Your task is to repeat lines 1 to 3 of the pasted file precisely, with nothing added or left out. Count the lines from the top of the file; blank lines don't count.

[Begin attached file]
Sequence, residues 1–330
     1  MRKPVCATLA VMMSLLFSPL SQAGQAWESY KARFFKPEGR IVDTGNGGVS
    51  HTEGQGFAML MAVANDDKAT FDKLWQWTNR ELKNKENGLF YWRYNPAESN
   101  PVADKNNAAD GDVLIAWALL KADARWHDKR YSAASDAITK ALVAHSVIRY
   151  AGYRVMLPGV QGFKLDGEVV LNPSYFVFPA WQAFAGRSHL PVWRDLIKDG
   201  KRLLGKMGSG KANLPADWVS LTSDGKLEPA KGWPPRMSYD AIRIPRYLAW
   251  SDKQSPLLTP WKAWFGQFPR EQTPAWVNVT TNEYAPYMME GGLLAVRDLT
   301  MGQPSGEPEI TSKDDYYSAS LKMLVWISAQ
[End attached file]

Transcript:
Sequence, residues 1–330
     1  MRKPVCATLA VMMSLLFSPL SQAGQAWESY KARFFKPEGR IVDTGNGGVS
    51  HTEGQGFAML MAVANDDKAT FDKLWQWTNR ELKNKENGLF YWRYNPAESN